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Ice, Rhoderick D. "Commentary on Luke 13:32". "The Bible Study New Testament". https://www.studylight.org/commentaries/ice/luke-13.html. College Press, Joplin, MO. 1974.

Ellicott's Commentary for English Readers

(32) Go ye, and tell that fox . . .—The word was eminently descriptive of the character both of the Tetrarch individually, and of the whole Herodian house. The fact that the Greek word for “fox” is always used as a feminine, gives, perhaps, a special touch of indignant force to the original. He had so identified himself with Herodias that he had lost his manliness, and the proverbial type of the worst form of woman’s craft was typical of him.

Behold, I cast out devils.—What was the meaning of the message? What we read in Luke 23:8, perhaps, supplies the answer to that question. Herod “hoped to have seen some miracle done by Him,” and Jesus, reading his thoughts, tells him that the time for such sights and wonders was all but over. One day, and yet another, and yet a third—so our Lord describes, in proverbial speech (comp. the analogous forms of Exodus 5:14; Hosea 6:2), an interval of very short duration, and then “I am perfected.” The word is strictly a present tense used predictively, and may be either middle or passive in its meaning, the latter being most in harmony with the use of the verb elsewhere. “Then I am brought to the end; then I reach the goal of this human life of Mine.” Very noteworthy in connection with this passage is the prominence given to the verb throughout the Epistle to the Hebrews, as, e.g., in Hebrews 2:10; Hebrews 5:9.

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Ellicott, Charles John. "Commentary on Luke 13:32". "Ellicott's Commentary for English Readers". https://www.studylight.org/commentaries/ebc/luke-13.html. 1905.

Treasury of Scripture Knowledge

And he said unto them, Go ye, and tell that fox, Behold, I cast out devils, and I do cures to day and to morrow, and the third day I shall be perfected.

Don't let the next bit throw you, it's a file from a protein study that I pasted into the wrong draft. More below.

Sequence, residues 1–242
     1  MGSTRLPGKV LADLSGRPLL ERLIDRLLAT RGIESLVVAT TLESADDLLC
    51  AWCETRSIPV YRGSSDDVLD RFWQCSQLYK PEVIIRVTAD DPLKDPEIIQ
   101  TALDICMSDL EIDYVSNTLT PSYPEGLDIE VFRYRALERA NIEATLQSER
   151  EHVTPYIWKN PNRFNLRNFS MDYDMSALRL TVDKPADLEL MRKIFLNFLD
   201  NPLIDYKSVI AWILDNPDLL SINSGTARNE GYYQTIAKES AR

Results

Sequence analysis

that fox
This was probably Herod Antipas, tetrarch of Galilee, who is described by Josephus as a crafty and incestuous prince, with which the character given him by our Lord, and the narratives of the evangelists, exactly coincide.
3:19,20; 9:7-9; 23:8-11; Ezekiel 13:4; Micah 3:1-3; Zephaniah 3:3; Mark 6:26-28
I cast
9:7; Mark 6:14; John 10:32; 11:8-10
I shall
John 17:4,5; 19:30; *Gr:; Hebrews 2:10; 5:9
Reciprocal: Genesis 22:4 - third;  2 Kings 6:32 - See ye how;  Song of Solomon 2:15 - the foxes;  Matthew 14:1 - Herod;  Matthew 14:9 - sorry;  Luke 9:9 - And he;  Luke 9:31 - spake;  Luke 23:9 - but;  John 7:30 - but;  John 9:4 - must;  John 13:1 - knew;  Acts 13:1 - Herod;  Hebrews 7:28 - consecrated;  Revelation 11:7 - when

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Torrey, R. A. "Commentary on Luke 13:32". "The Treasury of Scripture Knowledge". https://www.studylight.org/commentaries/tsk/luke-13.html.

Calvin's Commentary on the Bible

32.Go, tell that fox It is certain, that the person here spoken of is Herod Antipas. Though he had throughout the character of a fox, and was as remarkable for servility as for cunning, I do not think that the term, fox, is intended to refer generally to the cunning of his whole life, but rather to the insidious methods by which he labored to undermine the doctrine of the Gospel, when he did not venture to attack it openly. Christ tells him that, with all his craftiness, he will gain nothing by his schemes. “Whatever artifices he may devise,” says Christ, “today and tomorrow I will discharge the office which God has enjoined upon me; and when I shall have reached the end of my course, I shall then be offered in sacrifice.” That we may perceive more clearly the meaning of the words, Christ acknowledges, in the former part of his message, that on the third day—that is, within a very short time—he must die; and in this way shows, that he could not be deterred from his duty by any fear of death, to which he advanced boldly, with fixed purpose of mind.

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Calvin, John. "Commentary on Luke 13:32". "Calvin's Commentary on the Bible". https://www.studylight.org/commentaries/cal/luke-13.html. 1840-57.